DALLAS — “Wait ’til you see upstairs,” said Burt Tansky as he welcomed a guest to Neiman Marcus’ 95th anniversary gala. “It’s the greatest store in America.”
This story first appeared in the December 5, 2002 issue of WWD. Subscribe Today.
A bit biased, perhaps, but Neiman’s chairman and chief executive had reason to brag on this night. All six floors of the flagship were decked out for the retailer’s birthday party, with lavish holiday decor, whimsical displays and an abundance of food, models and musicians. Even the PETA protesters walking the streets outside, griping about a Santa Claus dressed in red mink and white ermine, didn’t dampen the mood. Are there any other stores with a Christmas tree festooned with Manolo Blahnik shoes?
Ken Downing, Neiman’s vice president and chief party impresario, ducked under a rolled paper lampshade as he escorted C.Z. Guest and Harry Slatkin into an elevator colorfully wallpapered with the number 95.
“This is 95 degrees in the shade, in case you were wondering,” Downing said.
He led the candle purveyors to see the sixth-floor women’s restroom decorated with dried roses, floral-framed mirrors, a leopard-print rug and plenty of Guest’s powerfully fragrant “Garden Roses” candles.
“This is fantastic — have you ever in your life?” gasped Guest, who was nonplussed when Downing shepherded Slatkin and a male photographer into the powder room along with her.
“He is so naughty. There were two women in there, and they were horrified,” Guest said.
Downstairs on the main floor, about 50 people lined up for a photo with the fur-clad Santa, who told many to “feel my suit.” What he didn’t mention was that his wife had sewn him a special cold suit to wear underneath so he didn’t overheat.
The milling crowd gazed upward, taking in the ornate silver and white chandeliers, oversized clear crystals dangling from silver organza ribbons and mannequin-like models in furs and Roberto Cavalli dresses standing frozen atop display fixtures. Over in fine jewelry, big black-and-white photos of jewel-laden local pooches blanketed the walls.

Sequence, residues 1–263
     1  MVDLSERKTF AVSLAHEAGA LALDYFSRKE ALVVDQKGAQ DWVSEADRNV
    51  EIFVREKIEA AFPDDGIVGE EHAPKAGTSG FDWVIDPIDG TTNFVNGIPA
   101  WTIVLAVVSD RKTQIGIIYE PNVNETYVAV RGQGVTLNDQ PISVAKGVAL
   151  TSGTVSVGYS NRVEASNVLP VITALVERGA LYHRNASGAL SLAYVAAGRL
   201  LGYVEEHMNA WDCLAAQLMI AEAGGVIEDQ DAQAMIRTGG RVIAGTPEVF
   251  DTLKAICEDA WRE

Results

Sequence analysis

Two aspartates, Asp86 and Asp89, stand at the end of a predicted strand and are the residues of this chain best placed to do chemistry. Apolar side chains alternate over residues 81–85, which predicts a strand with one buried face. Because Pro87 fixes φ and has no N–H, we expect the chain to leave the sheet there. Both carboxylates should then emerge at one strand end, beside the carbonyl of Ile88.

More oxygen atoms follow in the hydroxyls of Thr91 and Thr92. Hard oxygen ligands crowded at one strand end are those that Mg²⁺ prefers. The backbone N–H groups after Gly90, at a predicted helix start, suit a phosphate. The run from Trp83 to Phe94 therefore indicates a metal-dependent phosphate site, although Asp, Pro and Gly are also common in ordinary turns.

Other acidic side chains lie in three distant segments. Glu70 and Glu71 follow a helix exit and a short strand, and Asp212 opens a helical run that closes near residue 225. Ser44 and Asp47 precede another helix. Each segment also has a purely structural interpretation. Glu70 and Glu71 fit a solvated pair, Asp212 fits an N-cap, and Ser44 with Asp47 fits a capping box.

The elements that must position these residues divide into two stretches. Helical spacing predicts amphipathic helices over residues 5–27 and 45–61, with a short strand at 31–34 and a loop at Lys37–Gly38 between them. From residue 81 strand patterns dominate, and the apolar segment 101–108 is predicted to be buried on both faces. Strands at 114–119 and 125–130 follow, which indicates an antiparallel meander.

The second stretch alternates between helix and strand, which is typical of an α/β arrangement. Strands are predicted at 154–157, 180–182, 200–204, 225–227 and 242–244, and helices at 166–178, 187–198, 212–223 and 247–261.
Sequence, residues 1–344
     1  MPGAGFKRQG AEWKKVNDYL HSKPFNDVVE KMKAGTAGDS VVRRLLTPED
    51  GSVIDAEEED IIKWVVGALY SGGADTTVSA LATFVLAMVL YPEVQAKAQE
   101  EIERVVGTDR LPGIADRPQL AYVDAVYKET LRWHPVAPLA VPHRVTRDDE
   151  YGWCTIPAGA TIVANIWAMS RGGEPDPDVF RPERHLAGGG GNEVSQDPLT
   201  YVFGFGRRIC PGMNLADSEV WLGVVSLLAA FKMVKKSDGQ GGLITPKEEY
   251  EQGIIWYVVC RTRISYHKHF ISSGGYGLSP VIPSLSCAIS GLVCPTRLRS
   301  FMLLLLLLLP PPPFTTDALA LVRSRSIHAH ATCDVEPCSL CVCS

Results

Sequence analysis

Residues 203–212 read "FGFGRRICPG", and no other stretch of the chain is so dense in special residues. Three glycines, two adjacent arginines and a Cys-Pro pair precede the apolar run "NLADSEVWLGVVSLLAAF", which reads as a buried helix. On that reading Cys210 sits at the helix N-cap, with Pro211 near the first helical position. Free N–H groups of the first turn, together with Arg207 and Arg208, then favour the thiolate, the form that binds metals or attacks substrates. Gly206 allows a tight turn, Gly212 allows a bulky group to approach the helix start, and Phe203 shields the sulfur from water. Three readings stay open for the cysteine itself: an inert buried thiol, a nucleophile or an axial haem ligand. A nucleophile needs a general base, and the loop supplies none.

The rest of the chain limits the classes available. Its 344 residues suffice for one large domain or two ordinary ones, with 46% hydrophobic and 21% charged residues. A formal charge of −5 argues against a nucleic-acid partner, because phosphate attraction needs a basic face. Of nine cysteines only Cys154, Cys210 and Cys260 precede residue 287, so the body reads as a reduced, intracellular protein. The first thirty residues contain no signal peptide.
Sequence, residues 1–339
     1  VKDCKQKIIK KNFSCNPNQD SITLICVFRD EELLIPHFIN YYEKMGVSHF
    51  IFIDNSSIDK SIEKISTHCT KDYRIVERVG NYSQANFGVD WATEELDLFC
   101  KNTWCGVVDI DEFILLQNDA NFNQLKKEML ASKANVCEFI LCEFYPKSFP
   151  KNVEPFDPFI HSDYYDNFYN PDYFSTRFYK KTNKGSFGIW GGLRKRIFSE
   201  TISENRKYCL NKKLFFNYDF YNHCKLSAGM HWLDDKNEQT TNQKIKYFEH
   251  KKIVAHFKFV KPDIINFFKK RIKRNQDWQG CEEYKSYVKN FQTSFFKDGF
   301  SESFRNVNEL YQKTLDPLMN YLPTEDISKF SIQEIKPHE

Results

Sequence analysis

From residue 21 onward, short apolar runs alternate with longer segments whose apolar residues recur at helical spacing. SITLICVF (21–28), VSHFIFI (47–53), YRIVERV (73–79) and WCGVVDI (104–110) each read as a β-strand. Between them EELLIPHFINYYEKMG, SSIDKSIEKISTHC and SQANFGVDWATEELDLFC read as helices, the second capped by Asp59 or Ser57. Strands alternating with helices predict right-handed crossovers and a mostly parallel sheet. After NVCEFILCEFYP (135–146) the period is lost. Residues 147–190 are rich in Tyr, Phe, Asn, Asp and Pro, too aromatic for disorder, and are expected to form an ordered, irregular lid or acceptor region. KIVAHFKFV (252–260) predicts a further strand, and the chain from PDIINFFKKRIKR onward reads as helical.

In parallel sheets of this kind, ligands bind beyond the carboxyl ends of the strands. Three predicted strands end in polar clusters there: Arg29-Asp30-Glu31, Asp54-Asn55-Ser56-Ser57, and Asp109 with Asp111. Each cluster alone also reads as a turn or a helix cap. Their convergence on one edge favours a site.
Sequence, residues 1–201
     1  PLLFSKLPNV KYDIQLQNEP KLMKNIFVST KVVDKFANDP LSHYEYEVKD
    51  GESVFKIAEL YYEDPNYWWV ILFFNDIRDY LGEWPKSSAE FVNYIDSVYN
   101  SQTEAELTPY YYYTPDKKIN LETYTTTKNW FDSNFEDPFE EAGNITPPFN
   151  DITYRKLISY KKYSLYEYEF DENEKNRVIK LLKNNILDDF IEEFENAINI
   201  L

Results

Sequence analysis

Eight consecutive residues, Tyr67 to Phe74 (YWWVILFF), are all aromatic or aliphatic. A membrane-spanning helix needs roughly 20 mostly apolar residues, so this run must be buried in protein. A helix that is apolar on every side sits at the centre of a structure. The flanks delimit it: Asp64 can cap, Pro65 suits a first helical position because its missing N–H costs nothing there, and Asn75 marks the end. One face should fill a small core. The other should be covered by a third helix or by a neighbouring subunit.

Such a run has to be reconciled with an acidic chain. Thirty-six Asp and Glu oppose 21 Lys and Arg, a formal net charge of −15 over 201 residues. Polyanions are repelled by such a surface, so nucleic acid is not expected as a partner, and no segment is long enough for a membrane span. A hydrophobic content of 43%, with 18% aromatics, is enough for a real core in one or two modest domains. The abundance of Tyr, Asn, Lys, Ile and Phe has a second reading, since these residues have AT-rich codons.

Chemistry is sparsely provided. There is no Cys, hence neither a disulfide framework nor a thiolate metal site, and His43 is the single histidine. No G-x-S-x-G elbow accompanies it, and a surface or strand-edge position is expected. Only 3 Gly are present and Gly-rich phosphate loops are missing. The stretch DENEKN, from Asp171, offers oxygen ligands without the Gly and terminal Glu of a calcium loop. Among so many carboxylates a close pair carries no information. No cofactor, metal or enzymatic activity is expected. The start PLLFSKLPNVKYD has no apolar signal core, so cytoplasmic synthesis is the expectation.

“There’s my dog, Cruiser, in a $185,000 Frank Mueller watch that got damaged every time he hit the floor,” chirped Angie Barrett, a local socialite.
Pamela Dennis admired the photos and said she had been scouting SoHo to open a combination photography gallery- clothing shop for the eveningwear line she expects to launch in February.
“I plan to start small, with 25 pieces,” she said. “I’ve had two years of being out [of the business] because I had a non-compete clause.”
Musicians and exhibitions reflecting the gala’s “comfort & joy” theme as well as the retailer’s history was arrayed on each floor. On two, which has long housed Neiman’s prestige women’s collections and furs, was a 70-year retrospective of the little black dress, featuring styles by Chanel, Norman Norell, Pauline Trigere, Hanae Mori and Calvin Klein.
On the men’s floor, a frightfully lifelike animatronic depiction of Derrill Osborn, the flamboyant former Neiman’s men’s executive, narrated a witty show of “arboraceous curiosities.” For example, the grove of pun trees featured the Manolo Blahnik “shoe tree,” a “paste tree” of fake jewels, a “lemon tree” hung with photos of such automotive disasters as the Chevy Vega, and the “palm tree” of gloves.
A display of clear plastic clocks on the sixth floor humorously chartered a historical event for each of the past 95 years. The rim of the 1943 clock marking the completion of the Pentagon was filled with red tape, while the 1961 clock celebrating the first American manned space flight was ringed with powdered Tang.
Last month’s gala drew about 1,000 people who bought tickets to support the Children’s Medical Center of Dallas and the Juvenile Diabetes Research Foundation’s Dallas chapter. The following Monday, Patti Crews was back in the store to gaze at the tiaras on the paste tree after seeing them at the black-tie benefit.
“It was so overwhelming, you couldn’t take it all in, so we came back down,” she said.
That sort of attitude, with some shopping thrown in, is exactly what Neiman’s is hoping for.